Antoin "Tony" Rezko (born July 1955) is a political fundraiser, restaurateur, and real estate developer in Chicago, Illinois, convicted on several counts of fraud and bribery in 2008. Rezko has been involved in fundraising for local Illinois Democratic and Republican politicians since the 1980s. After becoming a major contributor to Rod Blagojevich's successful gubernatorial election, Rezko assisted Blagojevich in setting up the state's first Democratic administration in twenty years. Rezko was able to have business associates appointed onto several state boards. Rezko and several others were indicted on federal charges in October 2006, for using their connections to the state boards to demand kickbacks from businesses that wanted to do business with the state. While the others pleaded guilty to the charges, Rezko pleaded not guilty and was found guilty of 16 of the 24 charges filed against him.
Rezko was born in 1955 in Aleppo, Syria, to a prominent Syrian Catholic family. After graduating from college there, Rezko moved to Chicago and earned an undergraduate and a master's degree in civil engineering from the Illinois Institute of Technology in the late 1970s. He joined an engineering company, designing nuclear power plants, then left to design roads for the state Transportation Department, making $21,590 in his first year there.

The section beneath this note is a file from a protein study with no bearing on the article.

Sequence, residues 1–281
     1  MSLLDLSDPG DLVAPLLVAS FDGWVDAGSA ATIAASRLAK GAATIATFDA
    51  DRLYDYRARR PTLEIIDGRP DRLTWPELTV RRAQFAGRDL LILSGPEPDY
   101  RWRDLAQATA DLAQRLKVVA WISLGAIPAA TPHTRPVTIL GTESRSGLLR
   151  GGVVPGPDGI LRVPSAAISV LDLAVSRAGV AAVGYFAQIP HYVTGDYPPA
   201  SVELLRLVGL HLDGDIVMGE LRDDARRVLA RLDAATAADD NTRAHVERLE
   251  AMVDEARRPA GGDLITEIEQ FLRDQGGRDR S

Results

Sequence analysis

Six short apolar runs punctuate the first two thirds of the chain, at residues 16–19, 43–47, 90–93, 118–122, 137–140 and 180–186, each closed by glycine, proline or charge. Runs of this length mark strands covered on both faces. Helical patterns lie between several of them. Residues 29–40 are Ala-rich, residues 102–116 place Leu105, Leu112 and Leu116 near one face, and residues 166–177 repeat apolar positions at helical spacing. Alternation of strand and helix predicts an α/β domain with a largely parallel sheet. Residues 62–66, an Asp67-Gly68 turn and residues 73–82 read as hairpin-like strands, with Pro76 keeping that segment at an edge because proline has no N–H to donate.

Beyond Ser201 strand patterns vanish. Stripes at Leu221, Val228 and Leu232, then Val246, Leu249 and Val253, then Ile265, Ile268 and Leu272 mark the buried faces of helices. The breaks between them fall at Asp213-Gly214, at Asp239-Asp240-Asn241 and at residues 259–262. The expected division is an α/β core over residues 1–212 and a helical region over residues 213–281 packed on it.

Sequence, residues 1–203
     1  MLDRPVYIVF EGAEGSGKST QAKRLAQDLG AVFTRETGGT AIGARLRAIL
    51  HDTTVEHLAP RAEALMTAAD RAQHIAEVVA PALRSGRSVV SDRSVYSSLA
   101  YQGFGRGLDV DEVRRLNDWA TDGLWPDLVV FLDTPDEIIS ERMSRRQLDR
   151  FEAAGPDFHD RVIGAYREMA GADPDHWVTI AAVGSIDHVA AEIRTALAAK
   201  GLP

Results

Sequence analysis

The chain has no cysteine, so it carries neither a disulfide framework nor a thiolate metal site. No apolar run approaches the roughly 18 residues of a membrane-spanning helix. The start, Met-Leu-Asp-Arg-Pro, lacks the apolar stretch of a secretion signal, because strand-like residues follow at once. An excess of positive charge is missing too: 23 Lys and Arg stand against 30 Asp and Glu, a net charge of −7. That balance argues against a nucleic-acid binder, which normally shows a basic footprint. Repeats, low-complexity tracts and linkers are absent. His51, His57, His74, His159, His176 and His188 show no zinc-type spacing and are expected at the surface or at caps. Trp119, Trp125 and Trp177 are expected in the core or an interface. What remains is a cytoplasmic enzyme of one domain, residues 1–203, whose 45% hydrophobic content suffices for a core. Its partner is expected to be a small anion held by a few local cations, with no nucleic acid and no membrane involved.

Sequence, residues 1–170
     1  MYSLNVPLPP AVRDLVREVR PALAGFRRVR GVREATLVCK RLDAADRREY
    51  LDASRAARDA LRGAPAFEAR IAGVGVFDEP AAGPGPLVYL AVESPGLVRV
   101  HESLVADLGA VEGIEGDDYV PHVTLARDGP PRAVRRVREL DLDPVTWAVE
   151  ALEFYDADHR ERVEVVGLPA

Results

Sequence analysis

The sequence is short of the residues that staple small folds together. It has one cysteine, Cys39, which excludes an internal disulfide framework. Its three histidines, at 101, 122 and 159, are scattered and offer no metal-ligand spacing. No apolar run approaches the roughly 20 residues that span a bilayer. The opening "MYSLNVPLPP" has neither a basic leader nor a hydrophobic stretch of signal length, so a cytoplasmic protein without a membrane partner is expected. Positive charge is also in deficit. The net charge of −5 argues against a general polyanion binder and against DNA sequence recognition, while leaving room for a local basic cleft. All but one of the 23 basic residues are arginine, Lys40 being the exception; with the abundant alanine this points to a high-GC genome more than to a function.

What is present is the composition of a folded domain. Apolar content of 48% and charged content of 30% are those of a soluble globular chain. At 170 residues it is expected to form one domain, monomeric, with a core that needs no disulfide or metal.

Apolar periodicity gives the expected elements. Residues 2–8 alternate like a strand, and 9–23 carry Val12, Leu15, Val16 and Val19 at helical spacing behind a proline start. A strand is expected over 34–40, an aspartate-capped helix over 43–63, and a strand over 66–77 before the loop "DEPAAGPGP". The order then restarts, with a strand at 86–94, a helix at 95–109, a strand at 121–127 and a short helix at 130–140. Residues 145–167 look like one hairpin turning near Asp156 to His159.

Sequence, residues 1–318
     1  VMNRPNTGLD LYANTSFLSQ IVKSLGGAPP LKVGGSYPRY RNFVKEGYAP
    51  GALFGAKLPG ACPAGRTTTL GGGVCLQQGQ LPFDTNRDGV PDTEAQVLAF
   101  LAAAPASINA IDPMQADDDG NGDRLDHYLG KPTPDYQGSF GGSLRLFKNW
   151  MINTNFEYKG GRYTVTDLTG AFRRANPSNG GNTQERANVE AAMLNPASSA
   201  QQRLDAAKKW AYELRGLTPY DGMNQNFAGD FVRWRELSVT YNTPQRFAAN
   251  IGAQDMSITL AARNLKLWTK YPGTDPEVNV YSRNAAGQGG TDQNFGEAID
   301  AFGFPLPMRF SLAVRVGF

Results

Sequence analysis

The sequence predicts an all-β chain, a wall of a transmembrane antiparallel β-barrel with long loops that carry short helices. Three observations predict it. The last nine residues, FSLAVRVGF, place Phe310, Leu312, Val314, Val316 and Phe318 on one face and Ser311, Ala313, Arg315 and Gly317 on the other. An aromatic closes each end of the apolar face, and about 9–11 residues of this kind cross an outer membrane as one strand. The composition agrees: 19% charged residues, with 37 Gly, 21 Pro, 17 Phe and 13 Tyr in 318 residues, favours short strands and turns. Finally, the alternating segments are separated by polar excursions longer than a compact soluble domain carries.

Soon after beginning his career as a civil engineer, Rezko started in real estate buying vacant lots and developing single family residences and investing in fast-food restaurants—including the first Subway in Chicago. Many of these properties were in lower-income African American neighborhoods. Then, meeting Jabir Herbert Muhammad, former manager of heavyweight champion Muhammad Ali and son of the late Nation of Islam leader, Elijah Muhammad, he was asked in 1983 to support the successful mayoral candidacy of Harold Washington. J. H. Muhammad's company, Crucial Concessions, which Rezko went to work for in 1984, won a food contract at the Lake Michigan beaches and in many South Side parks after Washington became the first black mayor of Chicago. Rezko put together endorsement deals for Ali, became the executive director of the Muhammad Ali Foundation, and traveled the world with Ali for five years. In 1997, Crucial opened two Panda Express Restaurants at O'Hare, under the city's minority set-aside program. It lost those franchises in 2005, on the grounds that J. H. Muhammad was merely a front for Rezko, who had been appointed trustee of J.H. Muhammad's affairs in the early 1990s because of the latter's failing health. In March 2008 Muhammad sued Rezko, alleging that he had been swindled out of his home and business interests.